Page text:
Last month, two members of the audience at a concert hall in Sarasota had an altercation. A female patron checked her phone for a missed call by leaning toward the floor during the performance. The gentleman sitting next to her hissed at her to stop. After the concert was over, he became belligerent by choking and then pushing her back into the seat. Now, she has filed a battery charge against him. The man in question is making no response.
Do you feel sympathy or frustration toward the woman? Maybe there was a legitimate reason for checking her phone. But why not use the intermission for that purpose? It was unclear from the article if she actually texted during the performance. The man’s reaction being so over the top, to be sure, leads me to think that the cell phone may have been used more than she is admitting to. After all, he certainly didn’t appreciate her blatant disregard for his desire to have a pleasant evening. What was so urgent anyway that couldn’t have waited until the house lights came on?
Cell phones have significantly reduced the situational awareness of many people. The phone becomes the object of attention instead of those people in the near vicinity. Now, we are subjected to people…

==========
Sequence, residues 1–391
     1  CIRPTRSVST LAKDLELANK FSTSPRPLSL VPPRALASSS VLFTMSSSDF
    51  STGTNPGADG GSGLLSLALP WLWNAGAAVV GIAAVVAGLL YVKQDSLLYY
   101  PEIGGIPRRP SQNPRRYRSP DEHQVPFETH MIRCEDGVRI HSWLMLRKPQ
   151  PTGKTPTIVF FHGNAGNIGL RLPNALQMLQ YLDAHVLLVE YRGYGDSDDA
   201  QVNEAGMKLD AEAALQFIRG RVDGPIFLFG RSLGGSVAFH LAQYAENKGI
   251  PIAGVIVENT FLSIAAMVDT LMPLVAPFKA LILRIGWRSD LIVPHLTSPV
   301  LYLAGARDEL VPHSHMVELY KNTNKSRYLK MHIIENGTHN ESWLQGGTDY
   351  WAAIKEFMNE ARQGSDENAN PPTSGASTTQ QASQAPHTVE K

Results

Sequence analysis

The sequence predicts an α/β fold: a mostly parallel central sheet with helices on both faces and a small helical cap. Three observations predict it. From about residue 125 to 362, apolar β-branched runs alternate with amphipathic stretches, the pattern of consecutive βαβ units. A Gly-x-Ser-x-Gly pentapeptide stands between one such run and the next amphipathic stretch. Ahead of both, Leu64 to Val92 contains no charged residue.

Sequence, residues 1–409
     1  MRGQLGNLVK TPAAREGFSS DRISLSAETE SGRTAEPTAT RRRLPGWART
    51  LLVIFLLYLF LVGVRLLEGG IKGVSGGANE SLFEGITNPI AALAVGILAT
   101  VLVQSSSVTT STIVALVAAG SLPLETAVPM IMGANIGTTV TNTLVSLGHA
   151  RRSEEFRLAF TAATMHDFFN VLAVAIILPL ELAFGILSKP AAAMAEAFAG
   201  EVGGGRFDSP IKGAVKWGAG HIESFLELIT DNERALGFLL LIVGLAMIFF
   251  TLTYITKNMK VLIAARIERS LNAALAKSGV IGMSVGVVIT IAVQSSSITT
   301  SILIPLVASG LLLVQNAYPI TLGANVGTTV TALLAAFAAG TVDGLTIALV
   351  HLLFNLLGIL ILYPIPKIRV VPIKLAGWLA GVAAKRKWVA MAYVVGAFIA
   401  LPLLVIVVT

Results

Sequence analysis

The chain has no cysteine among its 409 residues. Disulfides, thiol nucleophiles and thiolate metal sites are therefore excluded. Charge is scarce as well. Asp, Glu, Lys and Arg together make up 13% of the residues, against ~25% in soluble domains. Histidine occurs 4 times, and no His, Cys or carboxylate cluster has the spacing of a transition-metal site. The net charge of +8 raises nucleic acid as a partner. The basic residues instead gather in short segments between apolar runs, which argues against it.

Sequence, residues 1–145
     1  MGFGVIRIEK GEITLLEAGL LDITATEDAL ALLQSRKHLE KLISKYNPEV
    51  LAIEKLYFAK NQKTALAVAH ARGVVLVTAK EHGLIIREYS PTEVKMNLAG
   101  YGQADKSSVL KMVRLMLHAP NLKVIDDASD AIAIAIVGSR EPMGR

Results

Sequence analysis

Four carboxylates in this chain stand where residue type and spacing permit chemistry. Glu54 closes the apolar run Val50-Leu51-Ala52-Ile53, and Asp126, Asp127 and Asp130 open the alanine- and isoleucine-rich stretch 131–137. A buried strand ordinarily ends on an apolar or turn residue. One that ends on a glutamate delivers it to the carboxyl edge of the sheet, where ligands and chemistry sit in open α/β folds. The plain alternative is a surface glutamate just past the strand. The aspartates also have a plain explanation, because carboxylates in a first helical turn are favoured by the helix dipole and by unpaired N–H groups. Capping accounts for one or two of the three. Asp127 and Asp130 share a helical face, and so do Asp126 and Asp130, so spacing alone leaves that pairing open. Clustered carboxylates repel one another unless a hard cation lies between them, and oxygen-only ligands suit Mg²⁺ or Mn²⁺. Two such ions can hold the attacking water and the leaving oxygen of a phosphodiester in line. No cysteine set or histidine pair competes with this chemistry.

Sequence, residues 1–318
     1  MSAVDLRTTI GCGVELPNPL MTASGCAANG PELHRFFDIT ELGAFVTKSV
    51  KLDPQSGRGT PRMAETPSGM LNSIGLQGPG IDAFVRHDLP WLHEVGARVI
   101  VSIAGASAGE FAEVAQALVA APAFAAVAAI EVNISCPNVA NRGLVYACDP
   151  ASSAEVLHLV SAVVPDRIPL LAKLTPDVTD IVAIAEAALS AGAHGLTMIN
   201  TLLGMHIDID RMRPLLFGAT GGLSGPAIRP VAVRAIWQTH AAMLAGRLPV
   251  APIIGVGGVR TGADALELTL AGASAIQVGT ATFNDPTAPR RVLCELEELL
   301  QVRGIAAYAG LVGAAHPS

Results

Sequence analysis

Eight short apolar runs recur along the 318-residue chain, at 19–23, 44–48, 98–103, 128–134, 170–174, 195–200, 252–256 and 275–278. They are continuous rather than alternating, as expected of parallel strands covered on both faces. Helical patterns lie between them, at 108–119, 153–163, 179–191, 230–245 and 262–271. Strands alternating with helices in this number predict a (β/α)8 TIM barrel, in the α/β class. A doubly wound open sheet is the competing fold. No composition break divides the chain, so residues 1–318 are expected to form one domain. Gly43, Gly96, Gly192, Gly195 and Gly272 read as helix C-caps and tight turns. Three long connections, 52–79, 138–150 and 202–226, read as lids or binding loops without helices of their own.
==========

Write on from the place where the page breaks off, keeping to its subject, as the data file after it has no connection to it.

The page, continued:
- carrying on loud conversations while waiting in line-ups,
- talking into their phones while shopping,
- loading their groceries at the checkout still talking (of course),
- moms check email while their toddlers play unsupervised at playgrounds,
- not to mention distracted drivers and pedestrians.
Do we have no self-control? Can we not turn the cell phones off? Are we becoming addicted to our gadgets??
Believe it or not, use of the cell phone also has manners.
- Obey the 10 foot Rule – if someone is within 10 feet of you, remove yourself to a more private area to have your conversation. This means that buses & C-trains aren’t appropriate places to hold long conversations. Don’t subject your fellow riders who might prefer silence.
- The person directly in front of me is more important than my phone – if you’re speaking to someone and your phone rings, kindly turn it off or tell the caller that you’ll speak to them later. If ordering a coffee or something, don’t attempt to have two conversations. Be respectful of the person behind the counter.
- Cell phones should be turned OFF at all places of worship, library, movies, concerts, restaurants and friends’ homes – when you are with a large group of people, show good behavior by keeping the phone off or on vibrate. Restaurants and friends’ homes are included in this list as you’re meeting with real live human beings who are so much more interesting than that smart gadget.
- Texting and driving – is a dangerous combination. Whole families have been wiped out in accidents as a result of this. Even texting & walking are dangerous. Some time ago in Calgary, a pedestrian was distracted and then hit and killed by a C-train.
Cell phones are amazing tools for keeping in touch at a moment’s notice. However, like anything else, if we don’t strike a balance then we run the risk of offending others by not being respectful or worse, killing or maiming someone. On a final note, I definitely don’t recommend correcting someone else’s bad manners unless the person is your child or a dear friend. In most cases, the result won’t be a “teaching” moment.
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